Vorderasiatisches Museum, Berlin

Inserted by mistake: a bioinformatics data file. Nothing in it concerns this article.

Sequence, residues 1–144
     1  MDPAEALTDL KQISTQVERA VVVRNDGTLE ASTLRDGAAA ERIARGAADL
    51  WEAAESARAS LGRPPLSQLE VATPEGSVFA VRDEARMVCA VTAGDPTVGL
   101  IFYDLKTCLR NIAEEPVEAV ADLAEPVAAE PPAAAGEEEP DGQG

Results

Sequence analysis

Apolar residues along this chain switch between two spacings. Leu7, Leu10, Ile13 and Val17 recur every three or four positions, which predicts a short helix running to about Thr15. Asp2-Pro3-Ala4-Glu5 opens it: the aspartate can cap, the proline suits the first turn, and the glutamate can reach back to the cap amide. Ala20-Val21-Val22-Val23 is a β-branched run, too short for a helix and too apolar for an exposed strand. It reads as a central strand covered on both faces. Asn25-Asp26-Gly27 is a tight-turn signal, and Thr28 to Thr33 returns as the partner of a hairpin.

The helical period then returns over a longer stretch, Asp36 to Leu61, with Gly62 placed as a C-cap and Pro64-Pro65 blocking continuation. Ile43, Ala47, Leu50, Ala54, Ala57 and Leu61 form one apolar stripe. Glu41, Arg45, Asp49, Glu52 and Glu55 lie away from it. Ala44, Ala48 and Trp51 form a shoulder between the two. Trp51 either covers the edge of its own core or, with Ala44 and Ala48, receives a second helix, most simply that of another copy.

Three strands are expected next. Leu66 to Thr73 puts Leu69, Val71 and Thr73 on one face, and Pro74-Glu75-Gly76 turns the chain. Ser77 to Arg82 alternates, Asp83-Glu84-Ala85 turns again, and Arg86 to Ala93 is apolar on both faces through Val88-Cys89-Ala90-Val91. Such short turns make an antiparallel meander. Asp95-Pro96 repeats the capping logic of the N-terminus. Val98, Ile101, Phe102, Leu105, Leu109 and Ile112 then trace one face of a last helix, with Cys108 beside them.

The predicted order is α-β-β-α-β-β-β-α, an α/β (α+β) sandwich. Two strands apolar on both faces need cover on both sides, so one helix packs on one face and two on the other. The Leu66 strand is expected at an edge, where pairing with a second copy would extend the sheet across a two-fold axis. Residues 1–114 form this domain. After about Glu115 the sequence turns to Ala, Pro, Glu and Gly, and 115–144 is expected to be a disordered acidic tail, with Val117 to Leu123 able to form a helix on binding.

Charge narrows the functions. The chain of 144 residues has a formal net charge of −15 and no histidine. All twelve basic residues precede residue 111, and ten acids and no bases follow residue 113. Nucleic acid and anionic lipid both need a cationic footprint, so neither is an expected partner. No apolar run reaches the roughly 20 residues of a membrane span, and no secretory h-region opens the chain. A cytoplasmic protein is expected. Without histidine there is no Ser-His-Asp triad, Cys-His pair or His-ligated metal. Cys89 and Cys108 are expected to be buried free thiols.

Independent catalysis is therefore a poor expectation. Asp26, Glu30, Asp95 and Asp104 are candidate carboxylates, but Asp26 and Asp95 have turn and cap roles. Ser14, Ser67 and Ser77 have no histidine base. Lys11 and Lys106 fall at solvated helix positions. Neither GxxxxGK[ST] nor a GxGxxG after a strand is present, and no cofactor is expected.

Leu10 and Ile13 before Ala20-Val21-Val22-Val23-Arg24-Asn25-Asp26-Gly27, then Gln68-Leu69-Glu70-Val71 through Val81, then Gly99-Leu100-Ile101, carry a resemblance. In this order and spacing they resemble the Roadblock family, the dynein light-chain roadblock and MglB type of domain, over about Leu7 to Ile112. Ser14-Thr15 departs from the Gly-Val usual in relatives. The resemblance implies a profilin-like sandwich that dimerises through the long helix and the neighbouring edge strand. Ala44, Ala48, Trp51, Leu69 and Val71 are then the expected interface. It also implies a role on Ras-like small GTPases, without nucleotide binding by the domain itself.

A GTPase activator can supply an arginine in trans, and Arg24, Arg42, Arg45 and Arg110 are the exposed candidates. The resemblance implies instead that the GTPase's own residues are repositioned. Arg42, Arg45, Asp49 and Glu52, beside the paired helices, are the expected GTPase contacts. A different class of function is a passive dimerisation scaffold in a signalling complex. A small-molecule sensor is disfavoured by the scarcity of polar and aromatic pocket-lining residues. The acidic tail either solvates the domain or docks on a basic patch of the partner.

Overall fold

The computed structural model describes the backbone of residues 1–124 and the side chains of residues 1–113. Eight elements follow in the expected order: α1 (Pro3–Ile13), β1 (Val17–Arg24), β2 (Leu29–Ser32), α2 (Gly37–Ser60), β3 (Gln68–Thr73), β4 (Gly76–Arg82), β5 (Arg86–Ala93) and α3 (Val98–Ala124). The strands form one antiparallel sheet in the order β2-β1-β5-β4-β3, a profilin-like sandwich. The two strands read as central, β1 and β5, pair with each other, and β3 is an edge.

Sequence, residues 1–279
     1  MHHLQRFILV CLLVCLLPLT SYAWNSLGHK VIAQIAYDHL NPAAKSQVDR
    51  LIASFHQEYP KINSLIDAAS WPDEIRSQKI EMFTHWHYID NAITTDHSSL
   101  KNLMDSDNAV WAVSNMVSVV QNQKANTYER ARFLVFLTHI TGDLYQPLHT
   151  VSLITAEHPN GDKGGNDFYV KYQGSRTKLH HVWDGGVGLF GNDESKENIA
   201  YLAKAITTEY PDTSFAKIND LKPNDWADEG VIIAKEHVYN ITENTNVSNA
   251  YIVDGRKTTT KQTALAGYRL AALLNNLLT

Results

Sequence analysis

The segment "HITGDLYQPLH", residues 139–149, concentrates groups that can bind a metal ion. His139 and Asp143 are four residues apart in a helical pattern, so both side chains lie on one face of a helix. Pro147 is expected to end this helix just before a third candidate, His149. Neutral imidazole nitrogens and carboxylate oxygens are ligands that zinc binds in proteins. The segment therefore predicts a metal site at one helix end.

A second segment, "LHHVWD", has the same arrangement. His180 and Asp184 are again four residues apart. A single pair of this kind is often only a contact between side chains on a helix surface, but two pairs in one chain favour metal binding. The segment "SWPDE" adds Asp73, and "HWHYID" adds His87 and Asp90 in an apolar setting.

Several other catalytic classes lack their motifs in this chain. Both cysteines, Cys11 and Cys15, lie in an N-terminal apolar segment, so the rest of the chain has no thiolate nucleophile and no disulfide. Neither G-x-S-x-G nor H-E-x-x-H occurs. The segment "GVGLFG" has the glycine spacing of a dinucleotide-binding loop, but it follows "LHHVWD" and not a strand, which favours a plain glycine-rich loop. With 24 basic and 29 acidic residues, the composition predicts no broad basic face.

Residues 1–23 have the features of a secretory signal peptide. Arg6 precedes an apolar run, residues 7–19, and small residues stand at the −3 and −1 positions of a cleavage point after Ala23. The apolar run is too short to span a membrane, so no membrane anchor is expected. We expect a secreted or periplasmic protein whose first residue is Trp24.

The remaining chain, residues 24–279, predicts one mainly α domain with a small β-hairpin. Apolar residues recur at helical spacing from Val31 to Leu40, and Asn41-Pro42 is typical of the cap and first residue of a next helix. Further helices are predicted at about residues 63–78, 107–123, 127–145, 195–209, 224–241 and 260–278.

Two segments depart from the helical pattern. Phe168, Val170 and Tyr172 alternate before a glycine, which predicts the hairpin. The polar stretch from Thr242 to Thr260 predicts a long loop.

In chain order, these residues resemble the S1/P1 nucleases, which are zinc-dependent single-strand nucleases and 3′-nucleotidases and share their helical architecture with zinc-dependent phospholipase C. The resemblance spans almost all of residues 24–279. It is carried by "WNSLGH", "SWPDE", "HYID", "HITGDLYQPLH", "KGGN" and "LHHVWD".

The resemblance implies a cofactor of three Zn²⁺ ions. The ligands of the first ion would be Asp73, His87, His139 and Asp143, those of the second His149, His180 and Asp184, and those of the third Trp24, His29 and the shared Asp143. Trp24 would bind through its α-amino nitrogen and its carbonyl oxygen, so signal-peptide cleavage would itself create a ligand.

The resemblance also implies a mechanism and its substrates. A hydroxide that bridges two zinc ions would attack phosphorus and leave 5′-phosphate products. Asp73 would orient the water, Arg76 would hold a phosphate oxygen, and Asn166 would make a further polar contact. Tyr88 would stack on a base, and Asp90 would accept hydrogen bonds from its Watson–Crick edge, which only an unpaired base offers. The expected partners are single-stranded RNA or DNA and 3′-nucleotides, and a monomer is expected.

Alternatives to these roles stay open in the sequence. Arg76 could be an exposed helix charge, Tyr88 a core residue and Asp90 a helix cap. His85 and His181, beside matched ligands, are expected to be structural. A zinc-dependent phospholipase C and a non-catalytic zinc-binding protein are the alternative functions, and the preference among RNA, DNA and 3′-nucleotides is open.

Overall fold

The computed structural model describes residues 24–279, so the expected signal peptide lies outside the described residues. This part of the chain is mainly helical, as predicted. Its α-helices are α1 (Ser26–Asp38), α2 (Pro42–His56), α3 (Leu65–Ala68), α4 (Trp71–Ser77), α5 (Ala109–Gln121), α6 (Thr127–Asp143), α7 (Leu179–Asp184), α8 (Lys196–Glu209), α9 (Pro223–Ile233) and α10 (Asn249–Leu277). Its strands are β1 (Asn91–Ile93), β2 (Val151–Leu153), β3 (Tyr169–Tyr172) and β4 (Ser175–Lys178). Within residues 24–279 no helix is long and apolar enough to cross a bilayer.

The so-called Mittani letter (shown here) was discovered in 1887 among a cache of nearly 400 cuneiform tablets in Tell el-Amarna, Egypt, the site of the ancient capital of pharaoh Akhenaten (1352‒1336 B.C.E.). These tablets were the diplomatic correspondence of Akhenaten and his father, Pharaoh Amenophis III, with rulers of other Near Eastern kingdoms. Although most of the so-called Amarna Letters are written in Akkadian, the Semitic language spoken by the Babylonians and Assyrians, the Mittani letter is written in Hurrian—the language of a people who settled in north Mesopotamia around 3000 B.C.E. and formed the Mittani kingdom in the 17th or 16th century B.C.E. In the letter, the Mittani king Tushratta expresses his devotion to his “brother,” the pharaoh: “Anything whatsoever that my brother has asked for and desired, this I have done tenfold,” he writes. “I have given my brother’s wife.”